Streets move slowly – fast streets make pedestrians feel unsafe, and thus reduces the benefits of being on the sidewalk. Ideally streets are moving at pedestrian speed in the pedestrian area. Of course streets leading to the pedestrian area move faster, or people could not get there.
Vehicle space on the street is minimal – wide streets increase the distance pedestrians must walk to reach other activities. Narrow streets give access to more stuff in less time. Hence the reason many enclosed shopping malls work better than many shopping streets is the density of stuff is fairly tight.
Street two way – One way streets may not be inherently problematic, but one-way streets are generally that way to move more vehicle traffic faster through the area, which is the opposite goal of moving pedestrians between buildings within the area.
Opportunities to explore just around the corner – hidden (pleasant) surprises are one of the things that make cities interesting to be in, if I go around this corner what will I discover. The same opportunities do not exist in an enclosed shopping mall, where everything is pre-mapped and tightly controlled, and I know each “block” ends at a parking ramp. Hidden unpleasant surprises however are one of the things that can kill a city, I don’t want to experience dread when I walk down an alley attached to my favorite shopping street.
This set of rules is by no means complete, but rules like these created streetlife in streetcar era places, and they create vibe in the better shopping malls. 


In praise of landmarks

Yesterday, Apple Computer announced a slew of new products, among them iTunes 7. A key feature of this piece of software is its new user interface, dubbed “CoverFlow”, discussed in this article: Wired News: New UI Showdown: Apple vs. TiVo. You do need to see it to fully understand it, and it is quite a slick way to navigate a music database.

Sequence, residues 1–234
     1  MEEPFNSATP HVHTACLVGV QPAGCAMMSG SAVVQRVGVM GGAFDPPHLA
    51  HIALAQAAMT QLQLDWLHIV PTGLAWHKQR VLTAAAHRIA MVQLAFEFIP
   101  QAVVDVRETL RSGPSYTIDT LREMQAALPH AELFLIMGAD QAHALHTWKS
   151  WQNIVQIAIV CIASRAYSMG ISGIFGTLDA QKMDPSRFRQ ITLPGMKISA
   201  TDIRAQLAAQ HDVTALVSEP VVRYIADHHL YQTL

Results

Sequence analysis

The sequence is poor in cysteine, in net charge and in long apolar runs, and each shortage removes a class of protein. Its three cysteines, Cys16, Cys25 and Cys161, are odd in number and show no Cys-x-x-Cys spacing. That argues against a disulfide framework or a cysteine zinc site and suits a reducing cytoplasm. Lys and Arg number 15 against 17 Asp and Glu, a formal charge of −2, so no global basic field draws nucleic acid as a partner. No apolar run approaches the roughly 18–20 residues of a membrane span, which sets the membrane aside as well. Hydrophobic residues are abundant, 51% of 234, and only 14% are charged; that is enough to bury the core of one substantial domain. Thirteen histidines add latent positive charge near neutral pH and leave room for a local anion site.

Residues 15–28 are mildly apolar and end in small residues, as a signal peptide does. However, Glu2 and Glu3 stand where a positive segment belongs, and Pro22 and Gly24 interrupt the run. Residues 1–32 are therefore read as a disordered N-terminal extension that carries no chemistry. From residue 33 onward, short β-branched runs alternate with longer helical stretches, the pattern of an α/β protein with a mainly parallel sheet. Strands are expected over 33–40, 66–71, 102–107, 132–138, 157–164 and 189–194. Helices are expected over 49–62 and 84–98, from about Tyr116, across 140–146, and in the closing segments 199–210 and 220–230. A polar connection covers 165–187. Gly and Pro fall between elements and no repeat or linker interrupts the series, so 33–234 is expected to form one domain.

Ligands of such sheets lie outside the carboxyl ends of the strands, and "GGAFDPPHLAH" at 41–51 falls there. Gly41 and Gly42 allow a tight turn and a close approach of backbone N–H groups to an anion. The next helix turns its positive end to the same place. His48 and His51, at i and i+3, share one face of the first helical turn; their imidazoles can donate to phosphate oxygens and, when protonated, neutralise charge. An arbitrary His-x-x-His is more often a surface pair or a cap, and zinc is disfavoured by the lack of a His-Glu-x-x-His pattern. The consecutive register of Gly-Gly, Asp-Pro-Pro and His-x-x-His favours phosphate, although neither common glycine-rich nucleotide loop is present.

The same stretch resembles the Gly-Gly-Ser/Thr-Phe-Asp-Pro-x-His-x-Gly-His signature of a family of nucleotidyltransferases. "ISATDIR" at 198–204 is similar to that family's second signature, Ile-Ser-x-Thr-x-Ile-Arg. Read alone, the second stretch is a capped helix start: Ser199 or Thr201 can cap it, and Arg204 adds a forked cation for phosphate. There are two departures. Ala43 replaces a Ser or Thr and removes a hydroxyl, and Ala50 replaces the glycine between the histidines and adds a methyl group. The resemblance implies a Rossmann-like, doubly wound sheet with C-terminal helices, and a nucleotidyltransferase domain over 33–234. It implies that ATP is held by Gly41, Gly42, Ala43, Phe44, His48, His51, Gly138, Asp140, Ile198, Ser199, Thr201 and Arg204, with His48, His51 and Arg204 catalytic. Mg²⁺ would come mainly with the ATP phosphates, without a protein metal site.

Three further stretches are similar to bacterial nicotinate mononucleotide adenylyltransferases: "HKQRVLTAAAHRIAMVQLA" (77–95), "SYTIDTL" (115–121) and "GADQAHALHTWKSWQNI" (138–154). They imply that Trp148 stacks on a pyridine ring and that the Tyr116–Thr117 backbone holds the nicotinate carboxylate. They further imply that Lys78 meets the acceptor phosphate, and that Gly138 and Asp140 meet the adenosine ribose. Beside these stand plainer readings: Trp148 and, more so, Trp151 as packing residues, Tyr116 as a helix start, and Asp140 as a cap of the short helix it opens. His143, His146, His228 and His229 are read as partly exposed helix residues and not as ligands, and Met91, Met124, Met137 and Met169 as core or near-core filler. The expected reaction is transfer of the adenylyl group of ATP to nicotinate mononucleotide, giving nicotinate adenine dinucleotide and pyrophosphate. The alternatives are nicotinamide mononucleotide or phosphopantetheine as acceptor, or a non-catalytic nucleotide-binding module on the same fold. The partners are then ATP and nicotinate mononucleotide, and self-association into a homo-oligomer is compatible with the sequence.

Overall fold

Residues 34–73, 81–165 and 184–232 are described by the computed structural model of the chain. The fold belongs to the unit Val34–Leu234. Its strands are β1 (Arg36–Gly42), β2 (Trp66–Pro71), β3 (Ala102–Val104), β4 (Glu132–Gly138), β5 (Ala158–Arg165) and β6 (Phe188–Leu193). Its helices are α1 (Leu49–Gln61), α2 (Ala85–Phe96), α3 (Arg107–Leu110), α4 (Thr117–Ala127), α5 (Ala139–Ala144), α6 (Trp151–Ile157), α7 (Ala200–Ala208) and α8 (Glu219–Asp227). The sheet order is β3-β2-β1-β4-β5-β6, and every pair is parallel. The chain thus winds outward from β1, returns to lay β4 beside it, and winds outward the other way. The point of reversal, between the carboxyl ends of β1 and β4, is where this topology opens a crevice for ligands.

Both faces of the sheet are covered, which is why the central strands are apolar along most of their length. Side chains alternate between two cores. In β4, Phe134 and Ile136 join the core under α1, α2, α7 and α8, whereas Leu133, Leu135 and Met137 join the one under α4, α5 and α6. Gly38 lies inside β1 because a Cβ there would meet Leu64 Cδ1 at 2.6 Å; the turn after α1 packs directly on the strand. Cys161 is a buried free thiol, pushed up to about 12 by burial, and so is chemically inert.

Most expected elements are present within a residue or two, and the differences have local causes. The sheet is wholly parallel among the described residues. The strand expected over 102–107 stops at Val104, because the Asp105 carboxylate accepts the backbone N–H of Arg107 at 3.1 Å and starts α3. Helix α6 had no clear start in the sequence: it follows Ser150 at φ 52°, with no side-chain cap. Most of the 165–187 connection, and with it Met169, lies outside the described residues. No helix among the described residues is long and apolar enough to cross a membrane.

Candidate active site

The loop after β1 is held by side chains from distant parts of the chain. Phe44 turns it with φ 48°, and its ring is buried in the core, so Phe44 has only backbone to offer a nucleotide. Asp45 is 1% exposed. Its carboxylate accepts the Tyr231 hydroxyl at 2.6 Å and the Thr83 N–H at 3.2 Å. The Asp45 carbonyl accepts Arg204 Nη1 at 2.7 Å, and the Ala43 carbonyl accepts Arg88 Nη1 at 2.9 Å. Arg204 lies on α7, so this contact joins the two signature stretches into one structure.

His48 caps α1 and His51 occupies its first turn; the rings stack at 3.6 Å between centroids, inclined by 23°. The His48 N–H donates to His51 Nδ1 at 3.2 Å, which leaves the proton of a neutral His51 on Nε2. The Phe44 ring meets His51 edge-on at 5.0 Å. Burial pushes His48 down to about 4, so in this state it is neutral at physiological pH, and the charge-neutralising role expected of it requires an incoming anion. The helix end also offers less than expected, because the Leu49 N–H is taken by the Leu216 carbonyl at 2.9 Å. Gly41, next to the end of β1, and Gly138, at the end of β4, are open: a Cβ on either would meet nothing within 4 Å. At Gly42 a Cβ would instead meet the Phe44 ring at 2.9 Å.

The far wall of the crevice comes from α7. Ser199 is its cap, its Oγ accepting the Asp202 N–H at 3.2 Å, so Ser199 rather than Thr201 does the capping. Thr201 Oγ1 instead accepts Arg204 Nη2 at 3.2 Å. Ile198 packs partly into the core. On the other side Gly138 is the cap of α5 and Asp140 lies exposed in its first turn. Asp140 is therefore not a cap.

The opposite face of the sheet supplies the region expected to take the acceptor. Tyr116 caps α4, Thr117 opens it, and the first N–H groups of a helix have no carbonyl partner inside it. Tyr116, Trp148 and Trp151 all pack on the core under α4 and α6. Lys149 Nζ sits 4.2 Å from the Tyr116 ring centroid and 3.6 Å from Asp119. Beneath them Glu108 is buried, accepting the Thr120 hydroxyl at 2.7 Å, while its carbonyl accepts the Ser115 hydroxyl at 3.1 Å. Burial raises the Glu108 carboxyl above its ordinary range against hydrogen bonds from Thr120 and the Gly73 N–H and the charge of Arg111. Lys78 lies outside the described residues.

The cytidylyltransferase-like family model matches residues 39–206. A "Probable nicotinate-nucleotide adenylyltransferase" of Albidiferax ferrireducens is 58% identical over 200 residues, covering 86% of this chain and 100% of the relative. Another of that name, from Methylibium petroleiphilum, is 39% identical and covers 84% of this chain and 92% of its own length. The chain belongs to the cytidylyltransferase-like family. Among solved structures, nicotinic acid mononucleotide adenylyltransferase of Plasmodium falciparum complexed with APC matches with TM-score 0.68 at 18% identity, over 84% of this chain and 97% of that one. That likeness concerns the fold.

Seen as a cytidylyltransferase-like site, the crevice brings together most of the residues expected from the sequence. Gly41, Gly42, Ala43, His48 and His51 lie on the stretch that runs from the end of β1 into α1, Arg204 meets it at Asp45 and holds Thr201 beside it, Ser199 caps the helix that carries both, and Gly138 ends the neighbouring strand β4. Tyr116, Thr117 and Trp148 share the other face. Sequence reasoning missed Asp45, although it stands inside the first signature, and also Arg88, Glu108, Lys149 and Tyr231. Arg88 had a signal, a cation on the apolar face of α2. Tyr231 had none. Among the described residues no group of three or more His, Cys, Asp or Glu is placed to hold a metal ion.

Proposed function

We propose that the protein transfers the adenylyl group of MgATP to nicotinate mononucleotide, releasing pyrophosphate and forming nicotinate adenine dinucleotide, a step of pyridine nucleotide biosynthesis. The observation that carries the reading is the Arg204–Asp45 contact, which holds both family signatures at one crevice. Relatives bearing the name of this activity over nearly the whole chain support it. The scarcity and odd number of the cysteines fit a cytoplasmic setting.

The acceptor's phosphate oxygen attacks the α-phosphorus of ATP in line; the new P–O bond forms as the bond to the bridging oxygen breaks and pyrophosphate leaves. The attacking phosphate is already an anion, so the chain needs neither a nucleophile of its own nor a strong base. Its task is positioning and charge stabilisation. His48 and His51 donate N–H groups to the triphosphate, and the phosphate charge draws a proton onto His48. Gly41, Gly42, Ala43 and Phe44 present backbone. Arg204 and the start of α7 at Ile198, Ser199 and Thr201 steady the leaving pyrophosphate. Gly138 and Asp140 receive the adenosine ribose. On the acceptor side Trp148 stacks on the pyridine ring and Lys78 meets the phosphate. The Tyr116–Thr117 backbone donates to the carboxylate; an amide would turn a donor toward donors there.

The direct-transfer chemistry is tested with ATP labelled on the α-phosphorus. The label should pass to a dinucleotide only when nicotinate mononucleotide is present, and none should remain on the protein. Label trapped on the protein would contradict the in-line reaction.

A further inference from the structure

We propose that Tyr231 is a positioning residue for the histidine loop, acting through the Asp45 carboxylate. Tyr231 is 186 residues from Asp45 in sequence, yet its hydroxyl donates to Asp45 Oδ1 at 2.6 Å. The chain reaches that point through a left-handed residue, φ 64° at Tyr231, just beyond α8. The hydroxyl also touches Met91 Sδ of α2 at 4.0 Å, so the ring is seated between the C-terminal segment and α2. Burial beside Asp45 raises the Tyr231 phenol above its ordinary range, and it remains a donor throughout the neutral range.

Why am I talking about music databases and album art in a blog about transportation? I think cities are much like databases, and buildings like album covers. We navigate spatially and visually. Cities without redeeming art, architecture or natural landmarks are unpleasant. Not merely because they lack “charm” and the buildings are individually dull, but because of their collective undifferentiatedness, which creates difficulties for navigating (especially if they also lack some spatial regularity like a comprehensible grid network) and spatially locating oneself. Being lost (both not knowing where you are and not knowing either how you got there or how you will get to where you are going) brings a strong sense of unease that creates frustration if not hostility to the place you are lost at.
Cities need the equivalent of album art so that people can explore them. The nature of this art changes if you are walking, biking, taking transit, or driving, as you view it at different speeds and different resolutions.
Skylines have value, more than the simple value to the owner of the individual building. (In economic terms, they provide some positive externality, collectively exhibiting a network effect where the whole is larger than the sum of the individual parts. Measuring this is of course difficult.)
When I am driving around, and see the skyline in the distance from a particular angle, I instantly know what direction I am going. While some of these benefits may be obviated with in-vehicle navigation, the certainty of physical structure outweighs the digital outputs of a machine.
I recall as a freshman at Georgia Tech, taking a night course, leaving some classroom building for the first time out of a door different from where I entered and being completely turned around, until eventually I located the Coca-Cola headquarters building (just southwest of campus). While I still didn’t know exactly where I was, I could figure out where I was going.